The document said "an attack on German territory, requiring conventional defence of the nation, is unlikely". But, it said, a major security threat to the nation in future could not be ruled out, so civil defence measures were necessary.
Soon, Germans began tweeting ironically under the hashtag "Hamsterkaeufe" (panic-buying).
Interior Minister Thomas de Maiziere told a group of schoolchildren that Germany must be prepared to react if water or food reserves were poisoned, or if oil and gas supplies were interrupted.
The parliamentary head of the left-wing Die Linke party, Dietmar Bartsch, criticised the move, saying "you can completely unsettle people with yet another round of proposals, such as hoarding supplies".
The Greens' deputy parliamentary leader, Konstantin von Notz, said it was sensible to update civil defence advice which had not been touched since 1995.
But he warned against mixing up possible military or terrorist scenarios, saying "I can't see any attack scenario that merits a stockpiling of supplies by the population".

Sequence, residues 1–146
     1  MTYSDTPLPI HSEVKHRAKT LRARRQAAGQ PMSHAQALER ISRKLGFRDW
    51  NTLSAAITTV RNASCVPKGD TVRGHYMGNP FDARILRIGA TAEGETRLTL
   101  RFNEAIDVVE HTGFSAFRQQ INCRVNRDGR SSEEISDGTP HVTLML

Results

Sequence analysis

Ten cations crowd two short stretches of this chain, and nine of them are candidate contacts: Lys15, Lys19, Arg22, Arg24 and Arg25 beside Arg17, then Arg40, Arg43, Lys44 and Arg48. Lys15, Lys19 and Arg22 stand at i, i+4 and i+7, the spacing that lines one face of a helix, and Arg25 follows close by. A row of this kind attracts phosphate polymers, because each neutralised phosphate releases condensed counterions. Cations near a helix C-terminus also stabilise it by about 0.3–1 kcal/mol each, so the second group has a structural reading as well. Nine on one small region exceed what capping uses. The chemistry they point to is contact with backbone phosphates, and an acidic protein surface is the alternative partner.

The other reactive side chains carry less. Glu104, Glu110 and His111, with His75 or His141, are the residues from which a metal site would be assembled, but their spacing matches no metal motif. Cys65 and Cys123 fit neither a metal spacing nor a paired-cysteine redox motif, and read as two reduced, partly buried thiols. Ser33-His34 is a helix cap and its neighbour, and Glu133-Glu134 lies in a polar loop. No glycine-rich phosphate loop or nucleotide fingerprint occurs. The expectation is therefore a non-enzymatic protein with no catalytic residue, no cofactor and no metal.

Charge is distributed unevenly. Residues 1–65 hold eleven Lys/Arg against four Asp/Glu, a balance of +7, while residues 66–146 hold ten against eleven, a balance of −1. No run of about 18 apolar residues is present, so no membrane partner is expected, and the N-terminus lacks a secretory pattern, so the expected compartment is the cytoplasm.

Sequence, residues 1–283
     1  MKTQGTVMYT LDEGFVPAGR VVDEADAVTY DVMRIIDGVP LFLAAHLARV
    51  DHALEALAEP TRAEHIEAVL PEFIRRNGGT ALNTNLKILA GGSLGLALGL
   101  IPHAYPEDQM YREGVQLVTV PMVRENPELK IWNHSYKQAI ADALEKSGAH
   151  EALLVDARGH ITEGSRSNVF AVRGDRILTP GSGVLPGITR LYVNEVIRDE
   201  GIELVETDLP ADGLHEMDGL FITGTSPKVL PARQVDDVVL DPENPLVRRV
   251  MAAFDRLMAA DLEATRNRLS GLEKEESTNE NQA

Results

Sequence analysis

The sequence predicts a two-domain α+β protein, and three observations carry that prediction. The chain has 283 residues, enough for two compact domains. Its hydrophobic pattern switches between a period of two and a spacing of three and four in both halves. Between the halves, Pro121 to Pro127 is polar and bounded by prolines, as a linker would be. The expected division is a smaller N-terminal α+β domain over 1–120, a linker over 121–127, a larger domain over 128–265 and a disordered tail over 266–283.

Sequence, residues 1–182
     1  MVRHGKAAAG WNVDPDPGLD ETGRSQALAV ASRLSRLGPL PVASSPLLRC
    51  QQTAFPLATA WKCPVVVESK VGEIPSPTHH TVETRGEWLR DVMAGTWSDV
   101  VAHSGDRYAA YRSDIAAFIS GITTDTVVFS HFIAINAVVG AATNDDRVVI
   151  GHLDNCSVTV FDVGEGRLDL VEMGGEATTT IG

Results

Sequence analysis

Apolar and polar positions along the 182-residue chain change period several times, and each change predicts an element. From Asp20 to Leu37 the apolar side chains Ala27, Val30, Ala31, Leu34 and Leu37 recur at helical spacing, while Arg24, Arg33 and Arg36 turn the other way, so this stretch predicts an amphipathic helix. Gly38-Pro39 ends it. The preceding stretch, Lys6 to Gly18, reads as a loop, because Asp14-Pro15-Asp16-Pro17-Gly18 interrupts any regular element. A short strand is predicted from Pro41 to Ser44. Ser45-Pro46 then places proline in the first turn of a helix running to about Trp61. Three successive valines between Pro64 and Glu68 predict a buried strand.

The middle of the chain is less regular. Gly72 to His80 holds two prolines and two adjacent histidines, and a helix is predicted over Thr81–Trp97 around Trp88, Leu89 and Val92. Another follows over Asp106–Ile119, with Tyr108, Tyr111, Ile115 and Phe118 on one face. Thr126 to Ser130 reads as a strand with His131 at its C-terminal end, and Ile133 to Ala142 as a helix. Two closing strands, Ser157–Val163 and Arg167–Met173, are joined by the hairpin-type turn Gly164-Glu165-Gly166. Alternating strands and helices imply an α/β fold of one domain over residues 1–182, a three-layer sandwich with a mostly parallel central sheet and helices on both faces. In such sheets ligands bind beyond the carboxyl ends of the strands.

Germany's civil defence: Cold War and now
About 2,000 public bunkers and shelters were built in West Germany, with federal funding (former East Germany had its own communist network of shelters)
There was a wide mix of shelters - eg in garages, schools, private cellars
Special government nuclear bunker was built in Bad Neuenahr-Ahrweiler, 30km (19 miles) from Bonn
Law says Cold War-era shelters must not be converted into new types of building
Germany still has stockpiles of food - eg milk powder and beans - at secret locations, for a national emergency
Inventories are regularly checked and renewed
Emergency offices to issue food and fuel stamps, under national rationing system in a disaster